We crack the ancient haggadahs, the instruction manual for you goys, again a word I don’t use, that seem to be old and abused at ever family’s seder I have ever been to. My family members try to read the Hebrew but to no avail which then results in them looking at me, like I’m some expert, to read the hard bits. I did go to a Jewish day school for 13 years but I haven’t used Hebrew in 7 years and I’ve gathered quite a bit of rust. Not to mention I only really remember the songs, not the prayers. (I still could probably kick your ass at Echad Me Yodeah) My grandma starts singing Dayenu, that’s her favorite. The singing comes to a quick halt, however, when she gets harangued by my grandfather for jumping the gun. We help get there officially by speed reading, mostly because, according to our bellies, it is time for the festive meal, every Jews’ favorite part.
The appetizer comes out…Gefilte Fish (I had to look up the spelling). What sick creature came up with this stuff. It’s basically a cold fish burger that has been pickled. This may be some tradition left over from broke, Eastern Europeans indulging in what they thought was delicious but I wish this part could just updated a bit, maybe to salmon? Anyways, the saying in my house goes, “the worse the gefilte fish, the more horseradish you get to slather on”. Every year this turns into a pissing match for who can eat the most horseradish on the smallest piece of matzah and who gets the best nose rush. For the first time in my twenty three years of life the male-female ratio is even and the girls step up to the plate hard. For a good ten minutes the room echoes with yelps of ambitious spice competitors with tears falling down their face. The only relief available is the wine, which has already far exceeded the 2 cups partaken in thus far. After all, the haggadah does say “A full cup is the symbol of complete joy”. My aunt read this line aloud which to my grandma replied, “That’s what I say every night” with a sly smirk across her face.
We eat the brisket and all of the other good dishes while singing dayenu. At first everyone sings coherently and boisterously but after verse one and chorus one the singing dies out. Nobody knows the words. A quick remedy to this is repeating the first verse and chorus over and over again, which doesn’t seem to bother anyone.
As the meal gets consumed, conversation goes off in its wacky ways covering topics like Conan (O’ Brien, not the Barbarian), Tabasco, In-N-Out’s 3x divorced and only high school graduated CEO, tire warranty scams, and my Grandpa’s potential billion dollar idea, along with many other stories we have heard before. Soon enough we get to as far off topics as my Aunt’s junior prom, which I think was in 1981. Apparently, her date had gotten touchy because “At that age, boys see and they want to touch”. With another stroke of matriarchal insight my Grandma expressed that, “There is finesse and there’s a crotch grab”. Apparently, this guy had gone for the latter only to be ridiculed 33 years later by people he probably doesn’t even remember existed.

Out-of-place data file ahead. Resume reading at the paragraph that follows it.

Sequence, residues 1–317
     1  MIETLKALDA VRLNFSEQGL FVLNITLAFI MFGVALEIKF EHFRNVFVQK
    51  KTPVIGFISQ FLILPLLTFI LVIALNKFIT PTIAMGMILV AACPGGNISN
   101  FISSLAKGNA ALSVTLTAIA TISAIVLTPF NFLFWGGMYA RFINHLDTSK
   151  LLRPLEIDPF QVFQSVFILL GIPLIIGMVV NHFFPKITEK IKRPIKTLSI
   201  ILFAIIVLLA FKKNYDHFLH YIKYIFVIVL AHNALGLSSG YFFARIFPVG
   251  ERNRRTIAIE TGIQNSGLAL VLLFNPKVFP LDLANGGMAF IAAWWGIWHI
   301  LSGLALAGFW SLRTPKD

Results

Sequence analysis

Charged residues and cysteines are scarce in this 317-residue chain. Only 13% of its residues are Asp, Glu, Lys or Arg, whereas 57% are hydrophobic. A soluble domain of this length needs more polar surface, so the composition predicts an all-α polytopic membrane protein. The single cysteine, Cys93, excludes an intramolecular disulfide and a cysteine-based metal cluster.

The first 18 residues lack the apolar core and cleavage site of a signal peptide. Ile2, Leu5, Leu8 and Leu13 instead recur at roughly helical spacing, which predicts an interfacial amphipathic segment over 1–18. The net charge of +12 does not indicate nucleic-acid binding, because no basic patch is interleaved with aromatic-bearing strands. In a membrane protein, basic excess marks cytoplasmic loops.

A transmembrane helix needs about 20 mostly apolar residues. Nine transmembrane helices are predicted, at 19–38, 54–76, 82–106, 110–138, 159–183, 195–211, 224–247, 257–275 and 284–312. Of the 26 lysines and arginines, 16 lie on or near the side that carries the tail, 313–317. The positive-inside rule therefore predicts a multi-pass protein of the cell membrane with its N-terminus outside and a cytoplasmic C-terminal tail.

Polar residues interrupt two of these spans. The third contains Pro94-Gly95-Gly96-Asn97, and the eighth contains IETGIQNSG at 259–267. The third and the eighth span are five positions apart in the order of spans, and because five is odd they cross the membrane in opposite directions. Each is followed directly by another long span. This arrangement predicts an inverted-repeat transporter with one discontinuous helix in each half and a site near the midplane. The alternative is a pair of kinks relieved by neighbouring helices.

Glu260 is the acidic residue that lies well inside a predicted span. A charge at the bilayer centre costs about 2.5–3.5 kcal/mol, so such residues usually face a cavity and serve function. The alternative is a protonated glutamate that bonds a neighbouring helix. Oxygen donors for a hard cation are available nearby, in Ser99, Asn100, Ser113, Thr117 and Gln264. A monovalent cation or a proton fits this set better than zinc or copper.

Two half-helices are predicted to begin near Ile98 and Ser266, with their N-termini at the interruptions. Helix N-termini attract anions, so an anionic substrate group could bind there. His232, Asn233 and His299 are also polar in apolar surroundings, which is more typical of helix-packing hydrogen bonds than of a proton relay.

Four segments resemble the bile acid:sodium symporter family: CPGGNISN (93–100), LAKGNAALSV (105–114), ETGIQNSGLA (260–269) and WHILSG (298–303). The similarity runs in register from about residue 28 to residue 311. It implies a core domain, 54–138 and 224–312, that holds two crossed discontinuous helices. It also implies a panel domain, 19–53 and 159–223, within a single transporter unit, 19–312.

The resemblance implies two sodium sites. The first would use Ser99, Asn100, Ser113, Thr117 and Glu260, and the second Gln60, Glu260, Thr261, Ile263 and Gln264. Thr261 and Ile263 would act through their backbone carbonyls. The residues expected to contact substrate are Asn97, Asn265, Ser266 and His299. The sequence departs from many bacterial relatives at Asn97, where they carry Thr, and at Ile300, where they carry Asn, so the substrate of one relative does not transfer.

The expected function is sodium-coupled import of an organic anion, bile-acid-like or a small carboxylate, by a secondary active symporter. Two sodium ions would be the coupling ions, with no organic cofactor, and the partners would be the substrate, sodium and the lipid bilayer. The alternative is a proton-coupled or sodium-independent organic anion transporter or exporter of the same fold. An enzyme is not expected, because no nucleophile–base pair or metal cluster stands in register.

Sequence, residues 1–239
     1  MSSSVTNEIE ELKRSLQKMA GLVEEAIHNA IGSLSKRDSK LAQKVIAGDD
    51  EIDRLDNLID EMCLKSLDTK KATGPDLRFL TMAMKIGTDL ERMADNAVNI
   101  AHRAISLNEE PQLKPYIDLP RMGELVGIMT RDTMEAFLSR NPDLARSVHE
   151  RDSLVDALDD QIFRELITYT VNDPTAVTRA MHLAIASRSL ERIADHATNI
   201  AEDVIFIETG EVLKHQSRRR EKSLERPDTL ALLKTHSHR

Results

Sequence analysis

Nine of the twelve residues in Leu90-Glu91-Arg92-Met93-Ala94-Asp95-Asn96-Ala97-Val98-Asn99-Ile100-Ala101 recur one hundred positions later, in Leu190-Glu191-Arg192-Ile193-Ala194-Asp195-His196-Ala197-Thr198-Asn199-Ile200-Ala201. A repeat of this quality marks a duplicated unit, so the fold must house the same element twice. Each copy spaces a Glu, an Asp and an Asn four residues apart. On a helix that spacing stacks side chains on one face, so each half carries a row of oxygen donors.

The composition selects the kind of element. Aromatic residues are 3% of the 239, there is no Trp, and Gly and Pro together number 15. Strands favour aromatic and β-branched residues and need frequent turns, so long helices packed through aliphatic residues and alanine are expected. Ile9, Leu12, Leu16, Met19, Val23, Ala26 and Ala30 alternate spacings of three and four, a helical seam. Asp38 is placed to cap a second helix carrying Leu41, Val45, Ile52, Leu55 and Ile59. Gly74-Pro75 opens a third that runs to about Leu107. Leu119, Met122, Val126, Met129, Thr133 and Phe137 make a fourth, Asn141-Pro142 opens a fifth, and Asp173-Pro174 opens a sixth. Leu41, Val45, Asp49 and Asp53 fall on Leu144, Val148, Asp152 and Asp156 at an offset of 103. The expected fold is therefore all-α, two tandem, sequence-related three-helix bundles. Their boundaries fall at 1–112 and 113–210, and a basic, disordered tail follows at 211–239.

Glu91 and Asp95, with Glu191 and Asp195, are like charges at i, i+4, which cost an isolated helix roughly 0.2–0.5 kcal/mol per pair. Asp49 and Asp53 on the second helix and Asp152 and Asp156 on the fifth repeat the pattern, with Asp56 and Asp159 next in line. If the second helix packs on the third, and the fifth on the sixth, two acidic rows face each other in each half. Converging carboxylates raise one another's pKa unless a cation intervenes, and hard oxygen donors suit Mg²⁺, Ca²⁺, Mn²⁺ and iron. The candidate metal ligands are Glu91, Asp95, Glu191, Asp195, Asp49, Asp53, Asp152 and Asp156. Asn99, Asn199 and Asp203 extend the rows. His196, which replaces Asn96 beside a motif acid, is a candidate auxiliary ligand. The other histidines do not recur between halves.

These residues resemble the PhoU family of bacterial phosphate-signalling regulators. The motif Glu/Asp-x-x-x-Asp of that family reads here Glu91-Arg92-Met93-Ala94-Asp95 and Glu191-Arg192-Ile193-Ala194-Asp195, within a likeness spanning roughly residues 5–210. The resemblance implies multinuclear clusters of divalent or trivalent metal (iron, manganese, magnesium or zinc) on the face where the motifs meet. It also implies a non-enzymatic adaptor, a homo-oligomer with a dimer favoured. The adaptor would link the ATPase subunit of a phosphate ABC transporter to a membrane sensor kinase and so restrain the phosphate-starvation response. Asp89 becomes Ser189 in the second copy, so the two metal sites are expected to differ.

To switch vibes, dessert was served which made everybody ecstatic. Chocolate “Bark” and See’s Candy, heaven. Long discussions were held over which pieces were which in the See’s box and resulted in the cutting and sampling of most while the Bark got ravaged in seconds.
Then, in an unprecedented move, we wrapped up dinner and went home. Not even finishing the seder or looking for the afikomen. Maybe it was a lapse in memory or just a lack of dedication but we headed home. In our defense there were no kids to look for the afikomen and we had the door open for Elijah the whole night so there wasn’t much left to be done. What can I say? Jews’ favorite part of holidays is the food. Hell, even on Shabbat the Bar Mitzvah Brunch is the highlight of the morning.
There is supposed to be another seder tonight, but it won’t happen. I think Passover is an 8 day holiday but I’ve never made it past one day. I’m sure this story didn’t resonate very well with a few of you religious folk, but for those of you who cut corners and sneak some chametz when your parents aren’t looking, good on ya’. Chag Semeach to the tribe and Happy Easter to the rest of you. Have fun eating peeps, if that’s even possible.